We tracked them down and I spotted 2 of the branch bulls in thick, new-growth trees at the top end of the draw.  I soon found other elk and finally found the spike.  Ty and I belly crawled through the snow to a good shooting position. Ty was freezing as the sweat had dried, the wind was blowing, and he was layered for hiking, not sitting in the snow watching elk.  The bull finally was clear of the cows and Ty put a well placed bullet into its chest; his follow up shot was a little too far back, but sealed the deal.  The bull walked out of sight and we waited....................there wasn't a sound from him going down in the snow, but cows ran up out of the thicket of small trees he'd entered and looked back, nervously. I told Ty he had his bull; elk don't act like that unless something is wrong.  

I left Tyler to watch and make sure a wounded bull didn't slip away while we looked for  him.  I could smell him before I saw him, he hadn't gone far.  We quickly called everyone on the cell phone (its amazing how easy it is to communicate with the world with today's technology) and took some pictures.  The pack out wasn't bad, two trips each, and we were home before dark.  

Two days later we jumped those elk again, this time with Corey.  We tracked them across another mile of county and I finally found a spike in thick trees.  Corey and I crawled through deeper snow to a vantage point above the thickly treed draw the elk had stopped in.  He had to snake a bullet through a huge Doug fir halfway to the elk as well as the opening in the trees immediately around the bull.  The bullet was deflected and his follow up shot was just a click; he had ejected the spent shell but failed to move the bolt far enough to grab the next one.  There was no blood and we followed the elk to edge of private property a mile from where he shot.  We jumped a HUGE 6x6 in the trees on our way back to Ty but never caught up with the spike again.  We enjoyed a hot fire, some food, and the scenery before climbing out of that hole to where the truck waited.  We went bass fishing on the Snake River the next day instead of hunting elk again; it was Corey's choice.  It was an incredible day of fishing with lots of smiles and pictures.   Our freezers were pretty much full and Abbie still had a deer tag to fill, we had two elk already in the freezer and the Swedes were coming for the 2nd bull season; we had time to fish.   

I often think of that day with my dad 28 years ago, specifically when I look at the outline of the mountain or talk of elk hunting.  The fact that I didn't get a bull that day, that someone below us, without a tag, shot 4 bulls out of a big group we were watching at 250 yards is inconsequential to me now.  The most vivid memory I have is of my dad sliding down the hill in the deep snow and the excitement I felt to be with him, sharing the experience and being allowed to love what he loved and to make memories, ones that would one day be stories I could tell those that would listen, of a wonderful day that shaped me as a hunter and more importantly as a father.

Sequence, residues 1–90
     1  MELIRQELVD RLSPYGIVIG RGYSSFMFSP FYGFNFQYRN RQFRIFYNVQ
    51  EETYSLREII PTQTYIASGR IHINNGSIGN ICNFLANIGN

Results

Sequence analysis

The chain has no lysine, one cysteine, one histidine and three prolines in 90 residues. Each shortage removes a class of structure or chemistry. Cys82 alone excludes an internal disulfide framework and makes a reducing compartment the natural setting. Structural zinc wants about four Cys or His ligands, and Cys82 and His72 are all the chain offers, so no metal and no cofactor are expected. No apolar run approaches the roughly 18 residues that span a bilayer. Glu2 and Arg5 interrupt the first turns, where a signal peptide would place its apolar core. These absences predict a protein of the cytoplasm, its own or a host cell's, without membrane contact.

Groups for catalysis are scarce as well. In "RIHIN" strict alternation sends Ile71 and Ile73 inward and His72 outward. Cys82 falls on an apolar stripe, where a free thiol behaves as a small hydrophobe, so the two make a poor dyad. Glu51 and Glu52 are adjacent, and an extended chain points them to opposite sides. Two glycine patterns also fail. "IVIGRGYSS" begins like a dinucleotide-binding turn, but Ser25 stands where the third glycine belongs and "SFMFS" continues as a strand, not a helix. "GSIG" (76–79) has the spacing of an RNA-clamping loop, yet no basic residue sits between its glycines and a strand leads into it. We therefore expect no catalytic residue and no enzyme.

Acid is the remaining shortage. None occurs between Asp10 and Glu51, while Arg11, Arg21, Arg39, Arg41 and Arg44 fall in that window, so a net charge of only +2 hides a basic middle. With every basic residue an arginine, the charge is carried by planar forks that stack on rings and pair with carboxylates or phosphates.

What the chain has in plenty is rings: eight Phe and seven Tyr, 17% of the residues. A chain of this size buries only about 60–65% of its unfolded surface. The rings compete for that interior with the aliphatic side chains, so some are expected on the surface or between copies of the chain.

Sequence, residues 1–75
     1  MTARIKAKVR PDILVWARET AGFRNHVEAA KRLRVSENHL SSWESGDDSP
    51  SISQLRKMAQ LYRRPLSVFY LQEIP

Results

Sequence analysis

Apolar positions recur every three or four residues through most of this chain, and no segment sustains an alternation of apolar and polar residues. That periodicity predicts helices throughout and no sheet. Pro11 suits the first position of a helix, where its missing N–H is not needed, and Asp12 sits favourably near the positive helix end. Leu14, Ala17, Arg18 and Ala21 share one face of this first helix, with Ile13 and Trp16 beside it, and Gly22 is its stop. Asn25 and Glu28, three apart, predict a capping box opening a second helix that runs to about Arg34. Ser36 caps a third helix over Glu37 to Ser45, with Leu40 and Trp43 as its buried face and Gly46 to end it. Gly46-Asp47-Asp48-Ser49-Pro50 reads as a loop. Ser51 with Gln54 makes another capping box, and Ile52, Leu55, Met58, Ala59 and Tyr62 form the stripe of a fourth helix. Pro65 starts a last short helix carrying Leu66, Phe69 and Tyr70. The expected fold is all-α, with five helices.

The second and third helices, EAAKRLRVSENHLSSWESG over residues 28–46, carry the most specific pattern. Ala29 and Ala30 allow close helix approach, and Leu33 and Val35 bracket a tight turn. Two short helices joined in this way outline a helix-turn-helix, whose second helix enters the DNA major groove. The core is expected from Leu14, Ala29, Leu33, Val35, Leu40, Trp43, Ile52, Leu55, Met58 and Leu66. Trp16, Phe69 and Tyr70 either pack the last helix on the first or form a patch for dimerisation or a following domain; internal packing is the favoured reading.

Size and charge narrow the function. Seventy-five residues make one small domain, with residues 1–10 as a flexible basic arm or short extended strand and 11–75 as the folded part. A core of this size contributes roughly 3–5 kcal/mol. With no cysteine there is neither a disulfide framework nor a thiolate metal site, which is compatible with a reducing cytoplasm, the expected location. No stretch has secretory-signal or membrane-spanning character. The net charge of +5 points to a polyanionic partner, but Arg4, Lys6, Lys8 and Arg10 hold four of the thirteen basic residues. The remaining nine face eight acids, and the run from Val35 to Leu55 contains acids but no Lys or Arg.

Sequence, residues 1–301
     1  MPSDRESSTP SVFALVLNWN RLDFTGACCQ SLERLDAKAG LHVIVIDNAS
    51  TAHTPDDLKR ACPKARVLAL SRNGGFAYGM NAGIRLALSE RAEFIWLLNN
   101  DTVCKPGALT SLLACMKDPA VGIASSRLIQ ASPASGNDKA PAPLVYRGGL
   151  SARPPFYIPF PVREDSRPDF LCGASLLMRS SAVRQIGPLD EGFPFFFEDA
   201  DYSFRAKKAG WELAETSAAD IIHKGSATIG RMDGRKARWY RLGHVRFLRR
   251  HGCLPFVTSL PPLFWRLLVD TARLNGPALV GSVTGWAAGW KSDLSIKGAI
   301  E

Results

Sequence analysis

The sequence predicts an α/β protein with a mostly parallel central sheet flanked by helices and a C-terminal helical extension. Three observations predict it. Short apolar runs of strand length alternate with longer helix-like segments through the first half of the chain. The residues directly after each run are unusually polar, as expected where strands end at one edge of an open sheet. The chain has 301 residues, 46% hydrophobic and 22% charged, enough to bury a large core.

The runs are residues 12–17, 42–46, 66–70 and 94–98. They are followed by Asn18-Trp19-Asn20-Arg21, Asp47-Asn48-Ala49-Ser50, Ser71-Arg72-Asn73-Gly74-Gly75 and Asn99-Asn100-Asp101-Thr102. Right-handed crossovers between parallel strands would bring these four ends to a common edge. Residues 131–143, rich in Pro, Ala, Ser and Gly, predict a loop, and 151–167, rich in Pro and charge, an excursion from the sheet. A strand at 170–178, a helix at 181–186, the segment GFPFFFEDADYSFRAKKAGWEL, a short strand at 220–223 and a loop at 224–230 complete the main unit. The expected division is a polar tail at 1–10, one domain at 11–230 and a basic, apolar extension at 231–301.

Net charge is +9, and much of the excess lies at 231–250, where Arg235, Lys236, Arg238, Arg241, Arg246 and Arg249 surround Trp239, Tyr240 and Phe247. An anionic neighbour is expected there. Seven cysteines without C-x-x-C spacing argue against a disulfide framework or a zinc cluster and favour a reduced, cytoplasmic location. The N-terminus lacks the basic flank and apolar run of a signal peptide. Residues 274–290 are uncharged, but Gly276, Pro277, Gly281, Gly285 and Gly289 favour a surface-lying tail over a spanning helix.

Sunday, September 30, 2012

Abbie's Elk

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Abbie is 12 this year and so can hunt big game with dad and the older brothers.  As far as girls hunting in my family, only my sister Aria ever hunted, a few of my dad's sisters and my niece Mori.   I wasn't sure how excited Abbie would be about shooting something and I didn't want to kill her off the first year with hunts miles from the truck, so I put her in for a few muzzleloader hunts offered in our area.  I put in for the same tags so I could legally help her.  As it turned out I didn't draw a tag and she got both, an antlerless elk tag and a white-tailed deer tag (any deer).

Abbie and I hunted a local herd of elk without much luck on September 7th and 8th.  The elk were in the area but staying on the private ground adjacent to the patch of timber we could hunt.  The tag is a depredation tag for the valley and elk, specifically antlerless, can only be shot within one mile (straight line) from plowed ground.

A few day prior to us trying our luck a friend of my dad's killed a large bear in the area we were hunting in one of the abandoned orchards that dot the flanks of the valley.  I think his gun shot probably put the elk off the public ground because the days prior to him killing the bear, the elk were heavily using the public parcel.



We weren't too discouraged but I was feeling some pressure because we had less than a month to hunt, the weather has been dry, fire hazards are extreme, and my weekends are filled up leaving very little mornings to hunt.  The elk bed up off the valley floor during they day and make their way into the fields at night; a morning hunt is best as they move back to their bedding area.

Monday I was in a meeting at work, it was 3:30 PM and with the amount of work still to do I wasn't getting out of there any time soon.  Kim called me during my meeting but I ignored the call, she immediately sent me a text so I knew something must be up.  I excused myself from the meeting and called her back.  My cousin called to say a rancher had some elk in his fields and needed one shot.  I wasn't immediately available but he said he'd take Abbie is we were okay with it.  I told Kim where to find the tag, muzzleloader and needed supplies and then I arranged to leave ASAP so I could maybe make the hunt.